A credit lock or a credit freeze can prevent criminals from stealing your identity and using your credit data to open accounts in your name. While both a credit lock and a credit freeze can keep you safe from con artists, it is important to understand the difference between the two.
Why A Credit Freeze Is Better Than A Credit Lock
Credit lock: If you lock your credit report at each of the three credit bureaus, TransUnion, Experian, and Equifax, your data will become inaccessible to lenders.
But what if you want to apply for a new loan or another credit card? It is possible to unlock your account immediately by simply accessing the credit bureau’s website or app. This will make your details accessible once again.
If a credit lock is in place, and someone applies for a loan in your name, the credit bureau will send you an alert. This facility provides an additional degree of security.
Credit freeze: A credit freeze is also known as a security freeze. It serves the same purpose as a credit lock. It stops lenders from viewing your details or obtaining a copy of your credit report.
However, remember that in certain instances, your data is still visible. These exceptions apply to both a credit lock and a credit freeze:
An existing lender can see your data. This institution can pass on your information to a debt collector if you are behind on your payments.
The credit bureaus can still provide your data to third parties for the purpose of making pre-screened offers.
A government agency that has a court order can access your details.
If you want to provide a new lender with your data, it is possible to unfreeze your account. But this will take a few days. Unlike removing a credit lock, unfreezing your account is not instantaneous.
A credit freeze offers greater advantages
Should you opt for a credit lock or a credit freeze? Experts say that a credit freeze provides more protection. When you lock your credit report, you are entering into a contract with the credit reporting bureau. But a credit freeze is covered by state law.
Chi Chi Wu, a staff attorney with the National Consumer Law Center, an organization that works to protect consumer rights, says that if a frozen account is hacked, the account holder will not be liable for any financial loss.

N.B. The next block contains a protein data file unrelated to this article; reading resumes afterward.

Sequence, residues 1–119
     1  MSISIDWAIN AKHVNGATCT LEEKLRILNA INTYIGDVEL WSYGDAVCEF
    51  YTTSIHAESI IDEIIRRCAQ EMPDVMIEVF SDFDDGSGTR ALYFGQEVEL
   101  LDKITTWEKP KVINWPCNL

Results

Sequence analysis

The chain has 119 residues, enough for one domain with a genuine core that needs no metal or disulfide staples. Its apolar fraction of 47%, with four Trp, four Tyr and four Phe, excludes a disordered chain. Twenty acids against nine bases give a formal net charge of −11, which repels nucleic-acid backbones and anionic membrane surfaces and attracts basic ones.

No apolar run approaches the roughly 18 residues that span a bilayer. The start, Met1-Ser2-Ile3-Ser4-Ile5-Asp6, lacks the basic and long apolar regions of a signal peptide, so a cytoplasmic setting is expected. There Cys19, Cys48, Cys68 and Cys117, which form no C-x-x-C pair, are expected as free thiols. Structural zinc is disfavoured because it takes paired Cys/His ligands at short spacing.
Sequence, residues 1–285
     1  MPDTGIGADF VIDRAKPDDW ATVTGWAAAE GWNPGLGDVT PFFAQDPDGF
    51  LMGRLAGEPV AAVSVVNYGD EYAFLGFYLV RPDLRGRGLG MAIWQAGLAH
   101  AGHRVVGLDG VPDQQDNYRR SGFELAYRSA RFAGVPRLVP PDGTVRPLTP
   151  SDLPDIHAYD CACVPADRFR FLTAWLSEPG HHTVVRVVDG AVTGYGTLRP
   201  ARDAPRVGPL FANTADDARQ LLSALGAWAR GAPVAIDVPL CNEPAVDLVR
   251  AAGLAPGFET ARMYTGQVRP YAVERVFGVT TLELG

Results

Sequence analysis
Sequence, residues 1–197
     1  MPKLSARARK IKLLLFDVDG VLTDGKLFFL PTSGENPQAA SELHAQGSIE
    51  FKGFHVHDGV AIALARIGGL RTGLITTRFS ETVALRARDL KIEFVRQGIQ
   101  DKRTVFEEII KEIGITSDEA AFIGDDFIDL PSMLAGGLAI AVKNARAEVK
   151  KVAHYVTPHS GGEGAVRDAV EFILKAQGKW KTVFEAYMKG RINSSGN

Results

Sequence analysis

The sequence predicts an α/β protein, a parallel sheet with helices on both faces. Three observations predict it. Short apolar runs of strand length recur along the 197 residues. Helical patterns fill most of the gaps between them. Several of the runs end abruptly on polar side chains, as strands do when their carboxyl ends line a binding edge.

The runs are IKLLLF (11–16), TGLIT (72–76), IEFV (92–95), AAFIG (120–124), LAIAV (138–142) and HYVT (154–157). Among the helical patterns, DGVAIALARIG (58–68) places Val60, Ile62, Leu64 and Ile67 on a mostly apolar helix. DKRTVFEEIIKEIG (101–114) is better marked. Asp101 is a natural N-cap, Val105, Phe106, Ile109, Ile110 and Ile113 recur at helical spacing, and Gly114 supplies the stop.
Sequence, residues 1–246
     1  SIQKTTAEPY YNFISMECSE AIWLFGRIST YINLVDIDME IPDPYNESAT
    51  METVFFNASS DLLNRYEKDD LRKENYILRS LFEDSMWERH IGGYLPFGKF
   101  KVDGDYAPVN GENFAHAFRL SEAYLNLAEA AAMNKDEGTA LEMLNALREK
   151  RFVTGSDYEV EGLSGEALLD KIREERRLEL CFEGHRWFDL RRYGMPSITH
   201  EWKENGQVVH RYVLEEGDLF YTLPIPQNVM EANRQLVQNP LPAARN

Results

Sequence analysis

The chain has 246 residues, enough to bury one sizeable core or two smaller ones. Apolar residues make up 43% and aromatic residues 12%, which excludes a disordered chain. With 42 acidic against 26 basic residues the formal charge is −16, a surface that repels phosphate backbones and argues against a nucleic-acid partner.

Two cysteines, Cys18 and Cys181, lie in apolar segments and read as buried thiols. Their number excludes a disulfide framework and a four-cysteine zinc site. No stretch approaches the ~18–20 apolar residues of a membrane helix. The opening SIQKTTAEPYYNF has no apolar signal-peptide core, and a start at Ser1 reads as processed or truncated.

What happens in the same circumstances, if the account was merely locked? According to Chi Chi Wu, “With locks, it’s not clear who would be liable.”
Another expert, Christina Tetreault, an attorney with Consumers Union, holds a similar view. A credit lock’s contract may not be made to favor the consumer.
“Having a contractual agreement is not as strong as having protections under law. The contract may be unclear, may include provisions that allow the other party to change it, or include provisions that you may be better off not agreeing to…” says Christina Tetreault.
Identity theft can expose you to fraud
Many people assume that their data is safe with the credit rating agencies. Unfortunately, that’s not true. A few months ago, thieves accessed the computer systems of Equifax. They stole Social Security numbers, birth dates, and addresses for up to 145.5 million people.
The driving license numbers of many individuals were stolen as well. Alarmingly, the hackers also got away with the credit card numbers of 200,000 people.
While most individuals understand the danger of their credit card number being stolen, many do not realize that it is equally serious if your Social Security number and other personal details fall into the hands of thieves.
Anyone with this data could approach a lender and pretend to be you. If your credit standing is good, the credit bureau would provide a positive report and a loan could be sanctioned in your name. Consequently, you could be saddled with the bills that the fraudster runs up.
When you discover the fraud, it could take weeks or months or even longer to clear your name. You would be repeatedly called by recovery agencies to pay the bills that the fraudster had run up. In addition to the harassment that you face, you would find it difficult to borrow money if you needed it.
Protect yourself with a credit freeze
It is advisable to freeze your account with each of the three credit reporting agencies, TransUnion, Experian, and Equifax. You can always unfreeze it if the need arises. A credit freeze will hide your account from fraudsters and prevent unauthorized new accounts being opened in your name.
There is one more precaution that you must take. Don’t forget to monitor your credit report on a regular basis. If you spot any significant changes or suspicious activity, report it immediately. You should do this even if you have put a credit freeze into place.